Posted on: 2018-09-07 14:49:59.000
When I started to write Rockets, I had a crazy dream. Then the dream came true, and I didn't know what to do.
The dream of newLISP on Rockets was to produce something unique and interesting, and share it with the world. I wanted to show that you could make a lightweight web framework that could make functional and fast websites with a minimal amount of code. And I wanted to do it with LISP, because I had fallen in love with that language.
I had some experience making websites with the Dragonfly framework, including my own personal site. That framework wasn't being updated any more, though, as the author had moved on to other things. So using Dragonfly as a starting point, I wrote my own framework. It was an intellectual exercise for me, and when it was finished I didn't have much else I wanted to do with it. It was out in the world, and other people could use it for free and add to it or extend it as they wished.
That was five years ago.
Since then, I got a new job where I used Rockets to launch one major internal tool, and prototype others. But the company I worked for was all-in on Python, and so I was strongly encouraged to learn and use that language. There's nothing wrong with Python-- it's a clean and flexible all-purpose language with strong library support and a large community. There is a lot of comfort and safety in Python.
In that time, I've read essay after essay from people who once used LISP to do amazing things and who have all moved on. Paul Graham, after failing to convert the world to his own new Lisp dialect, launched the successful Y Combinator startup incubator. Andy Gavin, who by his own admission was a "diehard LISP advocate" for twenty years, coded Crash Bandicoot and four Jak & Daxter games in his own Game Oriented Object LISP language. Now he codes in Ruby and says that "Libraries and implementation matter a lot. Momentum too." And the author of the Dragonfly framework, after bemoaning that not enough people picked up his object-oriented framework for newLISP, left the language entirely.
And here I was, coding in Python at work and thinking of LISP fondly, like one does of a first love. The years went by and memories got hazier. Was I just going to be the next person in a long line of coders who abandoned LISP?
Surely all these smart people had a point. Why go it alone with LISP when you can use something popular like Python and enjoy tons of libraries and support? Why struggle with something that's so different and unpopular and a bit weird?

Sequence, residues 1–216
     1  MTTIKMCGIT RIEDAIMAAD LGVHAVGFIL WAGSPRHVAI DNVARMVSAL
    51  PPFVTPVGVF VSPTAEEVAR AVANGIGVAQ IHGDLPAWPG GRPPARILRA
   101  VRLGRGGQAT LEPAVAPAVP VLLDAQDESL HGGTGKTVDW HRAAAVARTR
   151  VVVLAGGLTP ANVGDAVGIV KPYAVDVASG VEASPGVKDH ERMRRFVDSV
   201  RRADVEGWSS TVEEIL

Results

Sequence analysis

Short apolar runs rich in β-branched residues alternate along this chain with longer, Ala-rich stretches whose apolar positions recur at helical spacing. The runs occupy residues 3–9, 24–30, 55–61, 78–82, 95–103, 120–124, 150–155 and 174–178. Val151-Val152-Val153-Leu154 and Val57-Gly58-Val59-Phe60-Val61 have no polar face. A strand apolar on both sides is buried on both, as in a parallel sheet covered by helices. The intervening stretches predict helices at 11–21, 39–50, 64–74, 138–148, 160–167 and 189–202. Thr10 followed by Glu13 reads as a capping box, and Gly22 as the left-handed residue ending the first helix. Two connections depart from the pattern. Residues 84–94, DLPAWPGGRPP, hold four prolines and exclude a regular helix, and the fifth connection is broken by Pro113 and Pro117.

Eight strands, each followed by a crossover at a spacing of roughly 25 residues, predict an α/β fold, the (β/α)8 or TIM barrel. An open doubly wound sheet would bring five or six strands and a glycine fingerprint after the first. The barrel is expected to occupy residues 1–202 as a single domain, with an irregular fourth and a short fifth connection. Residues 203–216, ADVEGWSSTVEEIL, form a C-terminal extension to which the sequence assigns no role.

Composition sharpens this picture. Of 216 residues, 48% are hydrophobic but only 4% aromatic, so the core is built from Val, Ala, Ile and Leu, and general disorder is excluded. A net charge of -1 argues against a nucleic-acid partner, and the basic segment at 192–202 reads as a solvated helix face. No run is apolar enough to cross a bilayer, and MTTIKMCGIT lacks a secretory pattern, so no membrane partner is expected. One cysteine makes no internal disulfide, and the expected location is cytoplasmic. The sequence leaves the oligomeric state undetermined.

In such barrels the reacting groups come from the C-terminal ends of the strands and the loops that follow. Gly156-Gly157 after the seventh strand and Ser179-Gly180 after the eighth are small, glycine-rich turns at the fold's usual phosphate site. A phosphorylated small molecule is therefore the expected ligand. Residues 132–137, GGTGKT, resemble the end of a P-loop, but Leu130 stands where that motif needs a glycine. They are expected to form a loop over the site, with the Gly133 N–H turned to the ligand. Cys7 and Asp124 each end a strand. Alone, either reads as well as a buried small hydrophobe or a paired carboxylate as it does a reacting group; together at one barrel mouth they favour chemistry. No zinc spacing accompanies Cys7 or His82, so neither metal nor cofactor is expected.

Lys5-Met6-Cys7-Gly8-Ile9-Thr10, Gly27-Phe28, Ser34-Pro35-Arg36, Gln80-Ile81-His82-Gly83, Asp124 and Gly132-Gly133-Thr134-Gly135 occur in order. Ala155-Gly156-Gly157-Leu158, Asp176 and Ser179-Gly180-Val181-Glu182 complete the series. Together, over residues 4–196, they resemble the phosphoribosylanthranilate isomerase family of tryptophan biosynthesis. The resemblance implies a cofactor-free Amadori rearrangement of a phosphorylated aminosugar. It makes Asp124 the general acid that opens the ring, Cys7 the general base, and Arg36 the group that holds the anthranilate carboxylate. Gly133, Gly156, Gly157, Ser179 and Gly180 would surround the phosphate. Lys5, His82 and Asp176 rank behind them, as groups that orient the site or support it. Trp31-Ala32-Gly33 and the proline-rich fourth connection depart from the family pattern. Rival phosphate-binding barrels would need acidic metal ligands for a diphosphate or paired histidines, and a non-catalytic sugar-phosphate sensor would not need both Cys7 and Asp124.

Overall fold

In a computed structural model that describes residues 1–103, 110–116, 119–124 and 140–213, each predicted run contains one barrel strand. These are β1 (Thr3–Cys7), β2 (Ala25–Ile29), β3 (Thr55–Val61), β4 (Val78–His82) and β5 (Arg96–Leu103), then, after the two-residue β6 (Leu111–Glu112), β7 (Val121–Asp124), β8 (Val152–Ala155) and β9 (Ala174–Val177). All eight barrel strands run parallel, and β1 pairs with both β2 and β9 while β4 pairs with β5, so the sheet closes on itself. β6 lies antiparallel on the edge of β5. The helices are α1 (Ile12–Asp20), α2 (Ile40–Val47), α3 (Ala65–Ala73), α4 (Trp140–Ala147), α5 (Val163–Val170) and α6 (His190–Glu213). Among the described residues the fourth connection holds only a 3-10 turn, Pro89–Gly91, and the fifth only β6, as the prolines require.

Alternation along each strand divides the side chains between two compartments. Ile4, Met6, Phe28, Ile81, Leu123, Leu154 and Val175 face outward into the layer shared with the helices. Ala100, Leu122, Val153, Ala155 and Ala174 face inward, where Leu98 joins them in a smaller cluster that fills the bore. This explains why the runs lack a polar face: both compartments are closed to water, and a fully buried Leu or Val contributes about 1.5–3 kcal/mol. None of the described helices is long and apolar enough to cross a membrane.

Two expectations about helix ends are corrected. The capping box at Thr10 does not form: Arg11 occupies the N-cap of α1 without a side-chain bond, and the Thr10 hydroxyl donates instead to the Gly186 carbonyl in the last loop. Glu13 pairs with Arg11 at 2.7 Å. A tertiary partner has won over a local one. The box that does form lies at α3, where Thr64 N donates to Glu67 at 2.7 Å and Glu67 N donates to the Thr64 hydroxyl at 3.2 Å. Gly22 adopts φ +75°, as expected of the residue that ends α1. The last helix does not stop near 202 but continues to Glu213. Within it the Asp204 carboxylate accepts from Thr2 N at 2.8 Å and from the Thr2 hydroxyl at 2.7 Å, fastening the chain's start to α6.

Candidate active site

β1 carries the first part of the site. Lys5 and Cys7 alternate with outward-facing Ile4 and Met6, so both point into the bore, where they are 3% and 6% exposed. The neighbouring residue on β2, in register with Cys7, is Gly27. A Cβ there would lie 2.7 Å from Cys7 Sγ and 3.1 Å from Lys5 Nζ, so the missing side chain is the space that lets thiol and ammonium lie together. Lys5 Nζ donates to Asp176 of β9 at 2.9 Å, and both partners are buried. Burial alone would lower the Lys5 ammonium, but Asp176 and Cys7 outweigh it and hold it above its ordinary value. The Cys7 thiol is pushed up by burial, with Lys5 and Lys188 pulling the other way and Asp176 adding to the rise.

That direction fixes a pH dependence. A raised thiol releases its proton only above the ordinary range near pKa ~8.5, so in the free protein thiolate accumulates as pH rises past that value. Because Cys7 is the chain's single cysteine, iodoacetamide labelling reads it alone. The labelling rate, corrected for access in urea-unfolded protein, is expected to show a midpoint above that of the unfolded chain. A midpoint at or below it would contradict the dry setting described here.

But then again, why did all these smart people spend so many years (and even decades) doing exactly that?
In my spare time, I am a science fiction author. I have a new book coming out next year and I needed a website to help market it. I thought about setting up a site on Squarespace (yes, I listen to a lot of podcasts!) It's fast and easy, you can customize it to look like you want and... it would be just like all the other author book websites that nobody reads. I wanted something very different and unique. Something nobody else would have.
And then I thought about Rockets.
Now, I had already partially converted my personal site from Dragonfly to Rockets, but this was just using the new headers and login system, and doing some find-replace on a few functions (you can read about how to do that here: http://newlisponrockets.com/rockets-item.lsp?p=85
). Much of the site was a bunch of custom code that just worked for my personal site, and wasn't the same as the site you get from the newLISP on Rockets GitHub repository. So Rockets did some things and my personal blog did some other things, but neither of them did what I wanted from a new website to promote my book. And my personal website was looking a bit old-fashioned anyway, and it was running on an ancient t1.micro instance on AWS that was expensive and barely supported and needed to be moved over to a new instance years ago.
That's when it hit me. I needed a new version of Rockets. One where I could recreate my personal blog and also have a marketing site for my new book, using the same framework. With a simple Apache configuration, Rockets already supports multiple sites-- I have several different sites running on that one AWS instance (see here for how that works: http://newlisponrockets.com/rockets-item.lsp?p=99
). But I want a single codebase that can make different-looking sites depending on what you want.
newLISP on Rockets has a few advantages other than uniqueness. It is fast--wickedly fast. And it's simple-- the whole design principle was to make the simplest possible framework for making dynamic websites. What it's missing are features. I had thought that other people would take the basic Rockets framework and add their own features, but I think a lot more people would rather have a simple website with all the basic features ready to go.
To get there will take some time and effort on my part. But I have a good motivation to do so-- my own new website-- and I'm writing out a plan for me to get there. I'm going to make a new thread to report on the work being done. At the end, I hope to launch Rockets 2.0-- a basic but full-featured blog, ready to go, out of the box, batteries included.
I'm excited about the journey!